Humane Society Doesn't Turn Away Pets

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Editor:

The Payson Humane Society is above all else a humane society. We do not turn away strays at any time. When a person wants to bring in a feral cat that has no home and will not be reclaimed, we sometimes ask them to hold the animal until we have a space. If they cannot keep the cat, then we must take action. It is the policy of the Payson Humane Society to put forth equal effort into trying to adopt each animal that comes through our door.

A feral cat needs extra attention to be socialized for safe handling. We have a very successful adoption rate and are most willing to share the Payson Humane Society statistics on adoptions with anyone who inquires. Our policy does not allow the staff to tell people to dump any animal in the forest. With a feral cat or any other animal, euthanasia is the very last resort. At the shelter, we will never use euthanasia as an easy alternative to Payson's animal overpopulation.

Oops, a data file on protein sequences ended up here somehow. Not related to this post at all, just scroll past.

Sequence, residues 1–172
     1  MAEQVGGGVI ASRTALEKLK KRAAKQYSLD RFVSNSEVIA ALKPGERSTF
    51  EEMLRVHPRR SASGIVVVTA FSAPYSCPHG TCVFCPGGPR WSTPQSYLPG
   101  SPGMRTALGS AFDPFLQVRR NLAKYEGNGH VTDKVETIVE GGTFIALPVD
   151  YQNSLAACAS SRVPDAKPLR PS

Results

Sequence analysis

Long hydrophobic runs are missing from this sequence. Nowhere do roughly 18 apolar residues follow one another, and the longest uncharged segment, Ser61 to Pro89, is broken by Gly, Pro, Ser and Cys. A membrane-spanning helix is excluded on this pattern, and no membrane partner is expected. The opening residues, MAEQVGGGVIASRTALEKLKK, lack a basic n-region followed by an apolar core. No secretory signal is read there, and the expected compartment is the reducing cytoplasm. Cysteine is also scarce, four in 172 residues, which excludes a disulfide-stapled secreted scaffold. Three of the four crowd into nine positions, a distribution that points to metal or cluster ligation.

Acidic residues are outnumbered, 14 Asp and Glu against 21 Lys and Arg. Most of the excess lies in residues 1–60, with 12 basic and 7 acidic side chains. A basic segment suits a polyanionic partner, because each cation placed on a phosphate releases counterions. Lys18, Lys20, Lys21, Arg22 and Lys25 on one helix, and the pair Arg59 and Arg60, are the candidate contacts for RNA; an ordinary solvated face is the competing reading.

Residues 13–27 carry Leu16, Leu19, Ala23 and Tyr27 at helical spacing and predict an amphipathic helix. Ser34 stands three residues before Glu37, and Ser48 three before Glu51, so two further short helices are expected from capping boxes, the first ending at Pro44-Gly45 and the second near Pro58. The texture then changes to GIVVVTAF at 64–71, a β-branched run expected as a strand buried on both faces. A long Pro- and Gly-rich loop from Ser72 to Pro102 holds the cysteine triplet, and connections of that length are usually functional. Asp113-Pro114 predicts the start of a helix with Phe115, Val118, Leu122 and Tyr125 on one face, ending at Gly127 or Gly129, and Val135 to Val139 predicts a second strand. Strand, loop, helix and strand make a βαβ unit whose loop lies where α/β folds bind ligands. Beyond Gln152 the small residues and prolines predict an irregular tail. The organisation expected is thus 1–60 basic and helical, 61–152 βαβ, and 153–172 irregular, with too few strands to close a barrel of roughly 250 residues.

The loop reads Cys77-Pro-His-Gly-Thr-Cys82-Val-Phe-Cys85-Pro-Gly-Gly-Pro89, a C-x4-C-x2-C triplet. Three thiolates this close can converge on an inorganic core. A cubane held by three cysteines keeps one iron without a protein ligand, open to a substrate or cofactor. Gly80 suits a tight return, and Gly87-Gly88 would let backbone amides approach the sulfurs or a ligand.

The people of Rim country lend the Payson Humane Society their total support because they trust us to always remember what the definition of the word "humane" means. If we ask you to hold an animal a day or two, it is because of available space.

Some day, with the community support, hopefully we will have larger facilities and be able to house more animals. But until that time, please never forget we are and will be the abandoned animal's last resort.

We cannot defend or explain the management of the shelter some years ago. What we do know is that their cat population in those days was between 10 to 20 cats; their euthanization rate was at 31.44 percent. Our cat population is usually around 100 animals and our euthanasia average is 9 percent. Which management, the former or the present, would you support as a humane society?

Diane Fitzpatrick, Manager; Pat Boettcher, President; Payson Humane Society

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